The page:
If it becomes law, the American Health Care Act will have the biggest effects on people who buy their own insurance or get coverage through Medicaid. But it also means changes for the far larger employer health system.
About half of all Americans get health coverage through work. The bill would make it easier for employers to increase the amount that employees could be asked to pay in premiums, or to stop offering coverage entirely. It also has the potential to weaken rules against capping worker’s benefits or limiting how much employees can be asked to pay in deductibles or co-payments.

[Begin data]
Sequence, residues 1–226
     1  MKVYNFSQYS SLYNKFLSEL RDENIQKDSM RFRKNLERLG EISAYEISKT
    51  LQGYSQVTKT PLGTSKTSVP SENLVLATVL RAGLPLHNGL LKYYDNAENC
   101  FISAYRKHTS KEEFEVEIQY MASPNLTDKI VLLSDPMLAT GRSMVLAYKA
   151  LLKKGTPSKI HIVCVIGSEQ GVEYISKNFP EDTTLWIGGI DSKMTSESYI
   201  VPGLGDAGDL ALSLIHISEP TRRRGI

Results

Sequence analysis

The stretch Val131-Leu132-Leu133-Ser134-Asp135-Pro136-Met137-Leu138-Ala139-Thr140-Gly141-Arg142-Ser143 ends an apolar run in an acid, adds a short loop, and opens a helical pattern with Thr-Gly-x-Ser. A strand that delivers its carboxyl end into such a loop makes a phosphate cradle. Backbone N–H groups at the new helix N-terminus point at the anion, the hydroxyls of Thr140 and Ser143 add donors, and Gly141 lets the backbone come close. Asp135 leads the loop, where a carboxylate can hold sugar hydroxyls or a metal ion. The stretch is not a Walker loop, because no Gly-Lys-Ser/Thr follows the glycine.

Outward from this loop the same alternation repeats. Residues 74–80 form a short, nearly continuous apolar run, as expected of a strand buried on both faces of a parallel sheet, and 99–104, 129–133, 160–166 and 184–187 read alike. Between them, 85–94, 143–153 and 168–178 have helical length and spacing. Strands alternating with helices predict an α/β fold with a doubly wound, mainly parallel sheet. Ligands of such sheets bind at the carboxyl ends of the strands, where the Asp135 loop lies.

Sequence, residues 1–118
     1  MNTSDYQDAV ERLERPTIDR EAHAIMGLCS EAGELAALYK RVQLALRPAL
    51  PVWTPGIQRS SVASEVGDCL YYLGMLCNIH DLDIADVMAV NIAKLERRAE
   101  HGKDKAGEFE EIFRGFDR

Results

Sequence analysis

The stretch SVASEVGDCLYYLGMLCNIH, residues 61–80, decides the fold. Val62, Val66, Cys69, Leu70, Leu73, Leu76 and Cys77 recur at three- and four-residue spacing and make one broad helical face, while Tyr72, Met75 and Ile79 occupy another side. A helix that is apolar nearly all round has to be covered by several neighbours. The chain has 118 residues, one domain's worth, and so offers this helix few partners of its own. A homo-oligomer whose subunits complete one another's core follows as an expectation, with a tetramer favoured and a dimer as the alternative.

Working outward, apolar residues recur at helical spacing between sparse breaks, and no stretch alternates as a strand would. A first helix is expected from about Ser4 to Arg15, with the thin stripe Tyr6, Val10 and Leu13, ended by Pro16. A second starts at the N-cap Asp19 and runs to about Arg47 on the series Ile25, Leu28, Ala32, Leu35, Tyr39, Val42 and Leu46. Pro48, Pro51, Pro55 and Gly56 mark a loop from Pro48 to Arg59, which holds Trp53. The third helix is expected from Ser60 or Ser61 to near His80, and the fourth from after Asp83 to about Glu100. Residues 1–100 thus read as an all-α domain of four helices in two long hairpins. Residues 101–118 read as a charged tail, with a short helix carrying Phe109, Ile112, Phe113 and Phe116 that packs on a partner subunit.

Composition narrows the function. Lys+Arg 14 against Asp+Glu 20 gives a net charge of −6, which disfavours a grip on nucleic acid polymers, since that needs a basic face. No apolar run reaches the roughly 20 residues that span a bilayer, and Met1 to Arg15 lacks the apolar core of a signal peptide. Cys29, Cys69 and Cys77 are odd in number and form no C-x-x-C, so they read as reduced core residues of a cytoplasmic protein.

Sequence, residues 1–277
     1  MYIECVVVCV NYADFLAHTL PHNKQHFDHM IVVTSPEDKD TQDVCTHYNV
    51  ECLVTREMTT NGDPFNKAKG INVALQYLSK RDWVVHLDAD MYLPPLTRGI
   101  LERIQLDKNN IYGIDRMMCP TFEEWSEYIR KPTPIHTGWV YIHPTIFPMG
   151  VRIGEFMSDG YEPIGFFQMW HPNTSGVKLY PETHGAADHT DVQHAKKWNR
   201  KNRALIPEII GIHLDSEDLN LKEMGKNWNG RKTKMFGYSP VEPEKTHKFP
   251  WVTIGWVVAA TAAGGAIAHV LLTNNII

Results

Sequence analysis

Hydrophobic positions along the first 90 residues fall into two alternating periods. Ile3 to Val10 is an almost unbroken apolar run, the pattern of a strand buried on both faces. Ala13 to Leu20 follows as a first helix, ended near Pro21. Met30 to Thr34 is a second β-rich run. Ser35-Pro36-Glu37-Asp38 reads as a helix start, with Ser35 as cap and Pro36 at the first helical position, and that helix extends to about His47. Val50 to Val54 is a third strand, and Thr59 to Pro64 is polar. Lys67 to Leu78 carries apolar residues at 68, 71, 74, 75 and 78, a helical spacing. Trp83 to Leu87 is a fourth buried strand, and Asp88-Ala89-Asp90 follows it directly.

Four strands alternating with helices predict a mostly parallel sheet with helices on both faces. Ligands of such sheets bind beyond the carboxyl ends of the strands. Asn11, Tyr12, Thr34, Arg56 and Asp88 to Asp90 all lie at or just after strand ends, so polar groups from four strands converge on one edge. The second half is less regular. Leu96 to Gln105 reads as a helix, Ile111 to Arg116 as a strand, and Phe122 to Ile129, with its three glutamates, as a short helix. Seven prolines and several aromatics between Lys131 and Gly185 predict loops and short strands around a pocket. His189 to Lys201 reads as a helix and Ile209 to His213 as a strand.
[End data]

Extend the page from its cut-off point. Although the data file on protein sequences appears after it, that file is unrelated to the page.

Whether those changes happen depends on how the Trump administration, states and employers act. The possible effects on the employer health system got little attention during congressional debate.
The employer health benefit system existed long before the Affordable Care Act and was little changed by that law, which focused on expanding coverage for people who did not get their insurance from work. But Obamacare did expand some consumer protections for employer coverage. It also included a controversial “employer mandate,” which required large employers to offer affordable, comprehensive coverage to their workers or face a fine.
The Republican health bill, which passed the House last week and faces changes in the Senate, would weaken or eliminate those protections.
- New York times